A very stupid thing we all do

What are the most potent growth areas of 2018? What emerging needs of which groups are the least catered to at the moment? What is pissing people off and what new technologies can make the old things better? Where is the future of business? Well, certainly not in the past, right?

What if I told you that right under our noses, there are tens of millions of people forgotten by marketing? Not only are they long unacommodated, but, by all accounts, they will continue to grow in number and spend per capita over the next thirty years, they have the steadiest income (and spending behaviours) of all the age groups while also having less credit to pay off and children to support?

And still pretty much nobody’s talking to them and even if somebody is, they usually do it wrong? I mean, come on, we can’t be that stupid, right?

Well, data says we are. The forgotten group is called 50+, the trend has been going on for years and we still didn’t even start catching up. And by we, I mean all of us, Poland, UK, USA, Russia, Japan, Canada… no matter the culture of the country and the approach to older generations that we associate with it, we neglect the same. Studies from all these countries lead to very similar results – strong underrepresentation, improper and often depreciating depiction of the 50+ age groups. You’d think it should be at least a little bit different in UK, but even there, over 90% of marketing budget goes to target groups before 50. There are outliers of course, like the super famous Dove campaign that had amazing reception and absurd sales contributions, but still these are just outliers showing the potential of doing justice.

So why is it, that we are so weak if we are so smart?

Because we are too young

90% of all people working advertising in European Union are below 50 (I wouldn’t assume it’s any different outside of it). We don’t understand life after 50, we don’t want to think about it, we don’t have a lot of contact with people after 50. And even when such happens, all our empathy is allocated in our smartphone. So when the briefing comes, we don’t have a lot to work with, flatten the thing, run into stereotypes, instrumentalize, or redo some best practice case from Spain.

Because oldness has no place in marketing land

It’s a problem that either doesn’t exist, because we are all young, beautiful, satisfied consumers that will never die. Or a problem that has to be immediately solved by rejuvenating messages and products supporting our neverending ball of carpe diem, carpe productum. Which is in a way quite understandable, but on the other hand, with each year more and more unbearable… making room for those brands that are not afraid to say something real. Like Edeka stopping the world for one day by bluntly telling all of us that nobody cares about old people.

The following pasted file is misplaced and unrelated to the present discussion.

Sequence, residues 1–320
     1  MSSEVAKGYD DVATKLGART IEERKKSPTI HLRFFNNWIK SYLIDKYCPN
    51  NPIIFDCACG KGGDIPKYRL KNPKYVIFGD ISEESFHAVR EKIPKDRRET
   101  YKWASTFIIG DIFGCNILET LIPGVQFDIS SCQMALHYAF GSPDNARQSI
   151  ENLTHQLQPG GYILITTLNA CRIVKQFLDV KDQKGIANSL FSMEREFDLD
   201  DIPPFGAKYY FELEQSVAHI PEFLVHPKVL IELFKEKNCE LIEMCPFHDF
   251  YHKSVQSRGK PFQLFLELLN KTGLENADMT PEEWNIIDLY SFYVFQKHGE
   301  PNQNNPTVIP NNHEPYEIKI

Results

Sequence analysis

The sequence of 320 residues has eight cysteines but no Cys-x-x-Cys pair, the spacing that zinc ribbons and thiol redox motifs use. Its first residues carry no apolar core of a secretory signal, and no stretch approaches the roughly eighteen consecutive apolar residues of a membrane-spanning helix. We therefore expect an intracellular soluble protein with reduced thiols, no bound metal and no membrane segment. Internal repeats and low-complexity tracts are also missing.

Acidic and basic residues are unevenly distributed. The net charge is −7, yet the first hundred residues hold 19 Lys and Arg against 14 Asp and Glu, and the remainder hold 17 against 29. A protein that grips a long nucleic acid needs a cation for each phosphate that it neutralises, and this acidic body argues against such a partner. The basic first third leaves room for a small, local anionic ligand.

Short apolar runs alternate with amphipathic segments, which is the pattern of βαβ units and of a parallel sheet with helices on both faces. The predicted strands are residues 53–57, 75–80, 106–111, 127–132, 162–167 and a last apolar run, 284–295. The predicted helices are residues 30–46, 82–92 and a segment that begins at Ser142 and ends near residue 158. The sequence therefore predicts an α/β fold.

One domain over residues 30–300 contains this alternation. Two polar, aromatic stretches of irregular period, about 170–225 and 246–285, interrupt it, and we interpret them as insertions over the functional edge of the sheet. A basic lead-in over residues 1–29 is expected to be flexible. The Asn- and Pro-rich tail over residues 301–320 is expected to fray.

Because oldness has little place in people land

Because the young rejoice that they are not old and the old envy the young. Because forever young and old BUT gold. Because old age is health issues, risk of losing control and independence. Because a 70-year old running marathons can’t be just a person running marathons, but a hero to us all, reason for our personal delight and reverie. Because a 65-year old DJ is a peculiar image putting a smile on our faces, not just a DJ. Despite the fact that more and more elderly don’t feel obliged to act ‘elderly’, they can never run away from being decoded as elderly acting outside of old age canon.

And that poses a challenge to the marketer. Resulting in one extreme – an excluded painful greybeard from so many painkiller and banking ads, or the other one – brand on a mission to overcome all stereotypical narratives through complete distortion of reality. Like in the Taco Bell commercial with 80-year olds jumping into swimming pools, bringing joy to young audiences around the world. For the older, the takeout may be less joyful – being old is something you should not accept and the only way to live past 60 is as if you have 20 less, as in live like us, the young.

And it can actually piss the 50+ off which they express in research studies, stating that most marketing communication is not for them, lies and discourages. Especially in times when demography has long ceased to define who we are… I mean, look around, the 6-12-year-olds are growing much faster, the 20-30-year-olds keep postponing adulthood, the 50+’s feel far from old, take life by the horns and in many aspects are no different than the younger and the youngest. In some areas they play up to the traditional elderly code, in some areas they break it, but rarely do they employ that monochrome visions from the ad world.

Just check your TGI. Are they more likely to complain about health and less likely to use smartphones? Sure. But when it comes to indexes of health awareness, going vegan, dieting, reading product labels, worrying if they look good or not leaving a house without makeup – the percentages of the 50+ are almost identical to the 18-35 age group (these are taken from Polish TGI). And we’re talking general 50+ population, that can and should be divided into big multi-million populated segments of considerable differences in attitudes and behaviours. By all accounts, this is not a homogenous group and communication budgets have to recognize that.

Otherwise, we’re simply not doing our job right. And we better start getting up to the task. The first person to reach 150 is said to be already here with us.